cpus

Computer, Operating and Programming.

If we’re ever going to turn the corner from single-processor computing to massively parallel and/or distributed computing, we need 3 big changes that must happen cooperatively: 1) A new instruction set, 2) a new programming language and 3) a new OS.

For the last decade, each of these critical components has evolved in a vacuum, some times seemingly in spite of each other.

Put in car terms: (CPUs) Tire manufacturers have “innovated” putting four tires on each wheel, giving you four times as much traction and therefore potentially four times as much speed; (Languages) engine manufacturers made engines greener to the point spiders live in them (while hoping you didn’t notice diesel engines get 2x the mpg); (OSes) car manufacturers have concentrated on making the vehicles look prettier in a larger variety of car parks.

Each is hamstrung by the demands and and constraints of the next to produce a net imperfection.

Multiple cores, why not CPUs?

Historically, multi-CPU motherboards were generally graded “server” (i.e. expensive). Now that multi-core is pretty much defacto, you’d expect to be seeing multi-cpu motherboards in the desktop/workstation grade.

But most dual-cpu motherboards seem to be labelled “server” still. The pricing is coming down, although still significantly higher than single CPU motherboards.

My hunch is that when desktop performance consumers spent $500 on a motherboard, $2000 on a pair of i7 extremes and $500-$1500 for sufficient cooling, they’d be kinda upset when they found performance to be about the same as a single CPU, possibly even slower in many cases.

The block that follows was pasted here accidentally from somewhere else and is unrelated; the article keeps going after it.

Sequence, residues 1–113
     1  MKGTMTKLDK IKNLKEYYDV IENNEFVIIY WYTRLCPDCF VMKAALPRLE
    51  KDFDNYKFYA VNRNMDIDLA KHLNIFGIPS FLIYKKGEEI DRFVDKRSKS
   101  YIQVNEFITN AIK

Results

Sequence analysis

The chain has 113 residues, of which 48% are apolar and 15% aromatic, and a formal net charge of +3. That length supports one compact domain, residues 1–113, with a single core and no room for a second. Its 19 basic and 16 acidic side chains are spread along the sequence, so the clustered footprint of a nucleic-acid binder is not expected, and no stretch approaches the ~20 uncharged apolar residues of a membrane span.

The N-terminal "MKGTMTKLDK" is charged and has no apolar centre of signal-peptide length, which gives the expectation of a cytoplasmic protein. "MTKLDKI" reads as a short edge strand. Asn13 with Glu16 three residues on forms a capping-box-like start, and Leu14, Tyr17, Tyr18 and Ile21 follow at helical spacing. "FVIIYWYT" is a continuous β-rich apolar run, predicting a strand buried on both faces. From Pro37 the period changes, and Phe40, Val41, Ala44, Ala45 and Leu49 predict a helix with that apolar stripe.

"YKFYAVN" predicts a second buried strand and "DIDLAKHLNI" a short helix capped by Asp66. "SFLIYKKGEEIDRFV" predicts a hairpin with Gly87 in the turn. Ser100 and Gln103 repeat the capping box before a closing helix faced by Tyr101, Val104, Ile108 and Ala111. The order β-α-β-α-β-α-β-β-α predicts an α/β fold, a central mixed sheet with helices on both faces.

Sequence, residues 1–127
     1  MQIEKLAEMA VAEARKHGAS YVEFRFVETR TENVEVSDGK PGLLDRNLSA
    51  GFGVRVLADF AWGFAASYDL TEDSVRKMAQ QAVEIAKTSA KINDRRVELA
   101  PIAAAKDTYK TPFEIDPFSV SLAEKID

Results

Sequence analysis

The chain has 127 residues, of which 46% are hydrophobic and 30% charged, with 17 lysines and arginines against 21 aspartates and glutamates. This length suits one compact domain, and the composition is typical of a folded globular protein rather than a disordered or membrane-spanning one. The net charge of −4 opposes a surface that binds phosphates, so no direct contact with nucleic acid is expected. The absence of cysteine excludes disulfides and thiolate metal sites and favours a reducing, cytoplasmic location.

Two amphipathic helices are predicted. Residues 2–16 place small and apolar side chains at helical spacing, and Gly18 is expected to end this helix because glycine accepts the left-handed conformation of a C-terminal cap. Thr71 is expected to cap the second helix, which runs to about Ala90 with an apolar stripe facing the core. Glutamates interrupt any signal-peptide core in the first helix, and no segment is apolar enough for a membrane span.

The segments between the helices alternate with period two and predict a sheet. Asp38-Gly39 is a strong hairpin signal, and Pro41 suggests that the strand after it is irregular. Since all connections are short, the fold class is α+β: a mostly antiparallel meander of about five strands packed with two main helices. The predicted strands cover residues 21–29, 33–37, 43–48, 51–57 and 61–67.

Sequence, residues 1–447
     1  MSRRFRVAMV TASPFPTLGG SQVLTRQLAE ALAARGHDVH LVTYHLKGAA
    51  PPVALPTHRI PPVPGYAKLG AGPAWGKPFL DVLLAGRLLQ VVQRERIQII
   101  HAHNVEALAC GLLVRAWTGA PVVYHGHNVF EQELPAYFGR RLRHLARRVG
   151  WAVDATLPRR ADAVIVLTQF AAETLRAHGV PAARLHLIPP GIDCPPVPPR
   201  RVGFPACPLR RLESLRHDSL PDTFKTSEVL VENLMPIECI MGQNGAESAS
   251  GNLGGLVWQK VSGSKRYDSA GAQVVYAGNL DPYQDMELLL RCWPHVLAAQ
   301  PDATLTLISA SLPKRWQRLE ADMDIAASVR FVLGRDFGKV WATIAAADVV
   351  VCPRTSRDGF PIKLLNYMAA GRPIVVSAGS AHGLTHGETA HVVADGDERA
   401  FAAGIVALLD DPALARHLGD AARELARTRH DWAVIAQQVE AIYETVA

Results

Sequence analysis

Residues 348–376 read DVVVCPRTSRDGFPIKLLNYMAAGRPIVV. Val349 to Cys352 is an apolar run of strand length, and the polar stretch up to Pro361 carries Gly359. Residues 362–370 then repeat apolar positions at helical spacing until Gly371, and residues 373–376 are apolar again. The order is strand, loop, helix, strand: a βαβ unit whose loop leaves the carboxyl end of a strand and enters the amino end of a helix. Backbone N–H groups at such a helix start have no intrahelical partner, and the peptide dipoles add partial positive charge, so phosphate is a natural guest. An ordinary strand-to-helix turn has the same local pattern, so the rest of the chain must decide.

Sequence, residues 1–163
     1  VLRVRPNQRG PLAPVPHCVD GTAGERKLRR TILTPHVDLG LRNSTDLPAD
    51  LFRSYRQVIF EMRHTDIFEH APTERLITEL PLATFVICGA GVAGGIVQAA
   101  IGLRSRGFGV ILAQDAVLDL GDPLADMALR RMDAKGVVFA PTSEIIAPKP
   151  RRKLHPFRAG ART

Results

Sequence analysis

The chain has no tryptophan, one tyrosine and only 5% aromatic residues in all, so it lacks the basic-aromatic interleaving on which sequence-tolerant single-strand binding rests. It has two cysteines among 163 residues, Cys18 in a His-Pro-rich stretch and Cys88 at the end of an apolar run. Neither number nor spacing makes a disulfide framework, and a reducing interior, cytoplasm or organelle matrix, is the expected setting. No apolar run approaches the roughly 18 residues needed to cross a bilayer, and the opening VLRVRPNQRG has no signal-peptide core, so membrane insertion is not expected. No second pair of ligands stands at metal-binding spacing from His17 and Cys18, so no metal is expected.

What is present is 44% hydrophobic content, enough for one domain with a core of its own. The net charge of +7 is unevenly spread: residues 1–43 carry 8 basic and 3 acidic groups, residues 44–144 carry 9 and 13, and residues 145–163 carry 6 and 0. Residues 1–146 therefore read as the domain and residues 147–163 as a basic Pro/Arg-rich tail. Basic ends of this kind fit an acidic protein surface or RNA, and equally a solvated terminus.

Uncovering why would damage Intel/AMDs calm. Perhaps blow the lid on the shameful state of current-gen multicore CPUs. No lengthy explanation this time, lets just say that I view the “Core i” gen CPUs as an alpha/beta market test.

The problem with multiple CPU cores…

Computers are based on sequences of 1s and 0s; bits. By chaining these together, you can form a vocabulary of instructions from a sort of tree. E.g. the first bit is either ‘close’ (0) or ‘open’ (1), and the second bit is either ‘gate’ (0) or ‘door’ (1). So, 00 is ‘close gate’, 10 is ‘open gate’ and 11 is ‘open door’.

CPUs used fixed-sized sequences of bits to represent their internal vocabulary like this, the result is called the instruction set. These machine instructions are usually incredibly simplistic, such as “add” or “divide”.

Typical computer programs are long sequences of these machine instructions which use math and algebra to achieve more complex goals. This is called “machine code”.

Very few programmers still work in machine code; we tend to work in more elaborate languages which allow us to express many machine code instructions with a single line of text, and in a slightly less mind-bending way. This is “program code”.

Think of it this way: bits are letters of the alpha bet; machine code instructions are the vocabulary or words of the language. Computer languages are the grammar, dialect and syntax one uses in order to communicate an idea via the computer.

At first, CPUs got faster, so the time each word took to process got shorter, making programs run faster.

Then that stopped and the manufacturers started slapping in more CPU cores.

But more CPUs does not equal more speed. Infact, it suffers from chefs-in-the-kitchen syndrome…